A fire occurred inside a three-story stainless steel chamber for capturing airborne particulates. To determine the extent of damage to the stainless steel material, an investigation was carried out to characterize the condition of the wall and ceiling materials. The goal of the evaluation was to determine what material required replacement or repair, and what material could remain in service. Thus, the evaluation could only be nondestructive.
The investigation included visual inspection and in situ microstructure evaluation. The chamber was examined on-site to select locations for in situ metallographic examination. At the selected locations of the chamber wall and ceiling, local areas of the surface were polished using in situ metallographic preparation methods. The prepared areas were examined on-site with a field microscope, and replicas were prepared for further examination in the laboratory.
The fire exposed the chamber to elevated temperatures in a carbon-rich environment. Austenitic stainless steels may become sensitized due to exposure to these conditions, so a test procedure was designed to examine the material microstructure for the effects of sensitization.
The test for intergranular corrosion susceptibility due to sensitization examines the microstructure of the material. Ditches at the material’s grain boundaries indicate potential increased susceptibility to intergranular corrosion. The microstructure of the stainless steel at several locations within the chamber had grain boundary ditches. Thus, the wall and ceiling material at these locations would have increased susceptibility to corrosion when the system was put back into service. The areas with sensitization were marked for replacement. The stainless steel surface in other areas of the chamber was refinished and remained in service.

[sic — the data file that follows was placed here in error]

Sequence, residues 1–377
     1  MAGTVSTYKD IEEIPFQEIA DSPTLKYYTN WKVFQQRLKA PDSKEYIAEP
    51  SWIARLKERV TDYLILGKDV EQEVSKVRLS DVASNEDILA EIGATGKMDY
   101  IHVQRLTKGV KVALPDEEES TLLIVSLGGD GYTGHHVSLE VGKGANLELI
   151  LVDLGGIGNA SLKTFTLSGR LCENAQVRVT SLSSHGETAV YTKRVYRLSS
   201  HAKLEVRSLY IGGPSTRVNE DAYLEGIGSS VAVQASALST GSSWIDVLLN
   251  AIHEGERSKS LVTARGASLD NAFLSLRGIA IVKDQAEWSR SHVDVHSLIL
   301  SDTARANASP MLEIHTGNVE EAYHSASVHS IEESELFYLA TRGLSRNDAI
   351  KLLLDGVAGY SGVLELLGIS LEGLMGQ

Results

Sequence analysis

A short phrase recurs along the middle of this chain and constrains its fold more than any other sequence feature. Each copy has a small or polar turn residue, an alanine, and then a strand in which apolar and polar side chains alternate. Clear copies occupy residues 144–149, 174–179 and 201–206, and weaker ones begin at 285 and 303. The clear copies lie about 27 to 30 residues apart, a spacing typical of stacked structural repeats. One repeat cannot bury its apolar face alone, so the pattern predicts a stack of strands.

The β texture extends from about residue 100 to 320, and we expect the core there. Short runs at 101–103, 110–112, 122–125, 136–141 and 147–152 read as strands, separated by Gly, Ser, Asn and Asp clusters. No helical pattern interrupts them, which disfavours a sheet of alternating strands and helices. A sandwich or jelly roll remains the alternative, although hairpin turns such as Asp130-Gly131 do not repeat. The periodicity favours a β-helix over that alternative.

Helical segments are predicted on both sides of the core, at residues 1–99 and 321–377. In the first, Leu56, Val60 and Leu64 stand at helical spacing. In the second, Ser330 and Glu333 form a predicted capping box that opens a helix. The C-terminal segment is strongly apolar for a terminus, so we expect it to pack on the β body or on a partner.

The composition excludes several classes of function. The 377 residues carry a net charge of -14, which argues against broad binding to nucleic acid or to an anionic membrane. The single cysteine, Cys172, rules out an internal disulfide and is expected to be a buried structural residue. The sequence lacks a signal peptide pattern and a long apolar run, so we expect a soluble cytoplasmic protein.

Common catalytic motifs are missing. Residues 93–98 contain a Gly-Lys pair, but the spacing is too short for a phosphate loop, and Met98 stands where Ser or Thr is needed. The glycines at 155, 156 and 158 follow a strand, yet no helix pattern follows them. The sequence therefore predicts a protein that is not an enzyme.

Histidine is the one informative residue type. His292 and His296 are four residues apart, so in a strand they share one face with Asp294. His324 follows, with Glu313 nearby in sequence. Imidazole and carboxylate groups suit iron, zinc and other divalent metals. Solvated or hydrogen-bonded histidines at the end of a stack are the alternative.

Sensitization can occur in austenitic stainless steels from elevated-temperature exposure at temperatures between about 800 and 1600°F due to the formation of chromium-rich carbides at the material grain boundaries. The formation of chromium-rich carbides reduces the chromium content in the adjacent stainless steel material, which reduces the ability for stainless steel to form a protective chromium-rich oxide on the surface within a thin band along the grain boundary. Since a chromium-rich oxide is what gives stainless steel its corrosion-resistant properties, sensitized stainless steel is more susceptible to corrosion at the material grain boundaries.
Sensitization is more likely to occur if the elevated-temperature environment contains carbon, either as a gaseous constituent or a foreign material deposit on the metal surface. The carbon that forms the carbides can also be from the stainless steel itself if the carbon content of the metal is sufficiently high.
MEE’s evaluation notified the customer that several locations inside their chamber would have increased susceptibility to corrosion. The fire provided the perfect conditions (heat and carbon) for sensitization to occur. This assessment of the material’s condition allowed the customer to make an informed decision regarding the amount of material to be replaced, so that the chamber could be returned to service at minimal cost.